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For many years, the field of behavioral genetics has assumed that a limited number of genes with large effects were responsible for a variety of human diseases and behaviors. But is this a good assumption, and might there be ideological reasons for the "geneticization" of the human condition?
Highlights of this Course

Part of Tufts overall mission is to emphasize citizenship and public service.  This course starts with the premise that understanding the social uses and misuses of biological knowledge is of particular importance for future health professionals and scientists. Specifically, developing skills in critical thinking and analysis of arguments is crucial if we are to deal rationally with value-laden and controversial topics at the intersection of biology and society.

Course Description

This course examines the application of basic biological ideas to modern social problems in America, in particular, the intersection of biological theories and social beliefs. Among the major issues examined are the ideological uses of science, the biological basis of sex roles and homosexuality, behavioral genetics, evolutionary psychology, and the meaning of race in medical practice.  This course will stress the analysis of evidence in the original scientific literature and a critical reading of how science is reported in the press.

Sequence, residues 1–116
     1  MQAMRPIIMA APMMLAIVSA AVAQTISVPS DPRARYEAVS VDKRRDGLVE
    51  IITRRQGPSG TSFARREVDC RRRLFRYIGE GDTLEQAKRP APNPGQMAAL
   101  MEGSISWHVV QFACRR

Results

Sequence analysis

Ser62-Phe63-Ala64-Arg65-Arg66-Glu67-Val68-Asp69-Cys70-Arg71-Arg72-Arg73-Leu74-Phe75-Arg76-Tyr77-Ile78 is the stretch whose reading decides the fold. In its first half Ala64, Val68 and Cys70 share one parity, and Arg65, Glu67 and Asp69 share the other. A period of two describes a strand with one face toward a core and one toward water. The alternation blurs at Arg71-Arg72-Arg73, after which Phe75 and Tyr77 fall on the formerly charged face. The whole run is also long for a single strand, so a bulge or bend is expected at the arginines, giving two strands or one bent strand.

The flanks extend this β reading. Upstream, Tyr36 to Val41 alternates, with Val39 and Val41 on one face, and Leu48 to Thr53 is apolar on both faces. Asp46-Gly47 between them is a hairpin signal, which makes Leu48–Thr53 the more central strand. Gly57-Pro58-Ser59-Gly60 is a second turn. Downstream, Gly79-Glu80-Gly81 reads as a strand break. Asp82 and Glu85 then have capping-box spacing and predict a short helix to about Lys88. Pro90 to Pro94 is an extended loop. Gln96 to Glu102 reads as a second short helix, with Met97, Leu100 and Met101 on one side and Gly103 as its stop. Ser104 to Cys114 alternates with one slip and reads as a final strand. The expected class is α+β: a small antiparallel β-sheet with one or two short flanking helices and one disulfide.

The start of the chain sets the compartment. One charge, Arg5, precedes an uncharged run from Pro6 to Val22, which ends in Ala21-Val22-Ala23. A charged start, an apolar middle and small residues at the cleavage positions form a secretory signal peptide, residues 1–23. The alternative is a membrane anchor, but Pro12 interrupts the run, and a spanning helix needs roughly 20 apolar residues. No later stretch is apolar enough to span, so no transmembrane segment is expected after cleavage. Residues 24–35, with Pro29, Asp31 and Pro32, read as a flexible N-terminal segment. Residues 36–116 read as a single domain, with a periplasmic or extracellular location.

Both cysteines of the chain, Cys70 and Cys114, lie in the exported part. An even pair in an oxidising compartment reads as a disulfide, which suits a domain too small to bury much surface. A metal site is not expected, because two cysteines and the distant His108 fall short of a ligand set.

Please note that the course as presented here does not contain the full content of the course as taught at Tufts. The included content is based on material the Tufts faculty and instructors choose to include, as well as factors such as content preparation, software compatibility, and intellectual property and copyright restrictions.
Course Faculty
Ross S. Feldberg
Course Length
50 Hours
Level
Undergraduate